Due to the high separation efficiencies to be expected from HEPA filters, even the smallest damage, which is barely visible to the naked eye, leads to locally excessive particle penetration. For testing, the finished filter element is installed leak-free in a test rig in an automated process (scan test) and then exposed to a test aerosol DEHS (di-ethylhexyl sebacate) at nominal volume flow. The average particle size of the aerosol must be within the range of the MPPS. The downstream side of the filter is scanned by means of computer-controlled particle probes guided on linear axes. The local aerosol concentrations are measured at each point on the clean air side and the local penetration rate is determined. If the aerosol concentration does not exceed the required limit values at any point, the filter is considered to be leak-free. The necessity of determining the local efficiencies thus implies the need for individual testing of each filter element from filter class H13 and higher.
Part 5 describes the determination of the integral filter collection efficiency. Usually, this value is represented by the mean value of the local efficiencies measured in part 4. Alternatively, a single measurement with fixed sampling probes is also permissible.
Classification of EPA, HEPA and ULPA filters see nearby.
Alternative method for leak testing: oil thread test (H13 and H14)
In this quick and inexpensive leak test, the filter is placed horizontally and leak-free on a diffuser in a room with bright lighting against a black background. An oil film is then applied to the surface of the filter or an oil droplet aerosol is introduced into the air stream. This is followed by a visual inspection of the filter for possible leaks, which are visible as plumes of smoke/oil on the filter surface. The efficiency of the method depends largely on the qualification of the person performing the test, so that the work process cannot be carried out without sufficient pre-qualification. The method is often criticized, the result is based on subjective perception, is not reproducible and is not suitable for testing the effectiveness of the filter.
Certification of absolute filters
For filters class H13 and higher, the integrity of the produced filter must be tested individually according to EN 1822 and the test report must be enclosed with the product. For these filters, the filter material certificate cannot be accepted as a certificate of the finished product. It is obligatory to indicate the following items on the certificate: Designation of the test method used, article and serial number of the product, dimensions, expected and measured efficiency values, nominal flow rate, initial pressure difference, date and conditions of the measurement (temperature, humidity, medium / concentration of the aerosol used). Of course, it must also be marked whether the product meets expectations. Since these certificates are automatically generated by the tester, they are valid without a signature. Manufacturers are allowed to repair minor leaks. In this case, the product must be retested and the number of repairs must be indicated on the certificate.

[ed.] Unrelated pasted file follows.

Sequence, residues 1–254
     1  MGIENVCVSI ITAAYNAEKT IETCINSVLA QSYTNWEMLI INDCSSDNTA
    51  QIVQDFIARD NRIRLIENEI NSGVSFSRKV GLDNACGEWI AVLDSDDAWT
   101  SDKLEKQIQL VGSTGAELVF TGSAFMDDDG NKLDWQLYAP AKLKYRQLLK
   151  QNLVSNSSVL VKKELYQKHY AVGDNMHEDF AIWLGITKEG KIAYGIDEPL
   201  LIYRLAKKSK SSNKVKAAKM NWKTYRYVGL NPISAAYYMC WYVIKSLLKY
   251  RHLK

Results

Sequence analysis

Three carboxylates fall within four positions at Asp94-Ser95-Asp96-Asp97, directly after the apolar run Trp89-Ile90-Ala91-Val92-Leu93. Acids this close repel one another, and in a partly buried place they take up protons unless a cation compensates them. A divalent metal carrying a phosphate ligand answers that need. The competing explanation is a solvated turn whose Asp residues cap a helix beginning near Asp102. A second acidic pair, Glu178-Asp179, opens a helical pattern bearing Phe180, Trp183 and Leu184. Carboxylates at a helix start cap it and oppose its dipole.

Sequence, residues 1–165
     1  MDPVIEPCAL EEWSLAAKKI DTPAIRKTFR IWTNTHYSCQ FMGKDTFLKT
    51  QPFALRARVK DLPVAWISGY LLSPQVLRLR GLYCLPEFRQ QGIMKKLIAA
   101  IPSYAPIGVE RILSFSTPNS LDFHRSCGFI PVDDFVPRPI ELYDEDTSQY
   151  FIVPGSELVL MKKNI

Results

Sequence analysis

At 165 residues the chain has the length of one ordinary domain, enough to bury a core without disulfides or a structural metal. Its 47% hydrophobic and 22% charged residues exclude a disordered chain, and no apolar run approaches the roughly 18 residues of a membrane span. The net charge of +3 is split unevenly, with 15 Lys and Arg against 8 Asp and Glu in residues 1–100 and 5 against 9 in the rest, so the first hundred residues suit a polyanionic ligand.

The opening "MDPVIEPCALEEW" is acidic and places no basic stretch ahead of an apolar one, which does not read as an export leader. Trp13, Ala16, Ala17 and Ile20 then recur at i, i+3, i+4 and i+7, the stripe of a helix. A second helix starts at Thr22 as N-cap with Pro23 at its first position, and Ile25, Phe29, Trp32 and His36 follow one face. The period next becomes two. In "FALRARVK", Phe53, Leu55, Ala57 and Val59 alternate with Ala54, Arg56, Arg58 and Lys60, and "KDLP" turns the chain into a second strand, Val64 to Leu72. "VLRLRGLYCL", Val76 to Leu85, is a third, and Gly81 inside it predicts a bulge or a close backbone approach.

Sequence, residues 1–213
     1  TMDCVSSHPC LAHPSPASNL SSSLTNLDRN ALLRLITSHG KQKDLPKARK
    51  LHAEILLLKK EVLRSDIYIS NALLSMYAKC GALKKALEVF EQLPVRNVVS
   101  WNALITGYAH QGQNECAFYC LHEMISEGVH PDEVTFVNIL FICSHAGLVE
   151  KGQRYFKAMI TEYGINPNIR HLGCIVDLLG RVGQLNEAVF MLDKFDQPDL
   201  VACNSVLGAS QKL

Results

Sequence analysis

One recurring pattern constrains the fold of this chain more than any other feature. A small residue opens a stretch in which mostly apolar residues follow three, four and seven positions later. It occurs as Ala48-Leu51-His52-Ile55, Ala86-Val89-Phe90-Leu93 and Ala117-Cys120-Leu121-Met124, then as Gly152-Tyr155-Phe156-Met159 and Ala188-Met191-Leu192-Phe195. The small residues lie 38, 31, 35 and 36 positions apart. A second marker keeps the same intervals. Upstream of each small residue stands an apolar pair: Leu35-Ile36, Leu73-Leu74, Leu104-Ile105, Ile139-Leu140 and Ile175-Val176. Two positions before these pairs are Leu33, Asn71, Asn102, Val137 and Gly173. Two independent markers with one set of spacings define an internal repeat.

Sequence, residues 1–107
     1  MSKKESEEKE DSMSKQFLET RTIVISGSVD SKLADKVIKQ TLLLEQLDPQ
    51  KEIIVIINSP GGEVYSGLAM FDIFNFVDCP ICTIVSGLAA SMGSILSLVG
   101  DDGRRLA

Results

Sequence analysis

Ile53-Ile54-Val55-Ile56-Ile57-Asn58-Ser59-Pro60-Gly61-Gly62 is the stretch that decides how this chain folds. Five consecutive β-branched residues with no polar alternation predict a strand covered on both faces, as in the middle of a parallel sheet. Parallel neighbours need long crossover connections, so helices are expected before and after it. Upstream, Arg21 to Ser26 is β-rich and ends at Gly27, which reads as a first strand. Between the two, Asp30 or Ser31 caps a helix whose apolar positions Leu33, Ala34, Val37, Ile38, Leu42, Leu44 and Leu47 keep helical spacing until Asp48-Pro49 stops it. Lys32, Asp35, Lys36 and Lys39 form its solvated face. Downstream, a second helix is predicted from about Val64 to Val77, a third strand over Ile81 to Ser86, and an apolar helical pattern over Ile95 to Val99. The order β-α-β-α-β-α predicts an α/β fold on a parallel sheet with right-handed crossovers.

Ventilating buildings can be very expensive. The average energy cost for filters is responsible for about 30 % of the total cost for ventilation systems. By choosing the right filter, such as the efficient Nanowave pocket filter ISO ePM1 60 % with low pressure drop, energy can be saved while maintaining high indoor air quality. Considering that the air filter is the least expensive and easiest component to change, savings can be realized quickly.
1Pa = 1 Euro
A rule of thumb for a typical installation is that each increase in pressure differential (each additional pascal) costs one euro of additional energy per filter. A well-designed filter can have up to 50 pascals less pressure differential compared to an ordinary filter for the same efficiency. In other words, up to 50 euros can be saved per filter on the annual electricity bill.
Analysis of numerous use cases shows that energy consumption is responsible for up to 70-80 % of the LCC (lifecycle cost). Energy consumption is directly related to the average pressure drop of the filter.
Choosing the right filter saves energy and money!
Filter procurement costs
+ replacing costs
+ energy consumption
= total costs (LCC)
Energy efficiency classification
Buyers of air filters now have a much easier time choosing the right filter - both in terms of energy efficiency and optimal indoor air purity. With the objective energy efficiency classification from Eurovent, all air filters can be rated from A+ to E. A+ stands for the lowest and E for the highest energy consumption. Based on the international standard for comfort air filters ISO 16890, the classification provides a better understanding of annual energy consumption, initial and minimum efficiency. With rising energy prices and increasingly stringent requirements for CO2 emissions, the energy consumption of air filters has come under increasing observation. In the past, air filters were classified simply on the basis of their average efficiency. However, the new energy classification is much more precise.
The classification method measures both filter efficiency and pressure drop as a result of dust loading. A representative energy consumption is determined based on the average pressure drop during dusting. Based on these figures, the energy performance of a filter during a one-year operating period is simulated in a laboratory. This representative energy value is used for the classification of air filters into energy classes.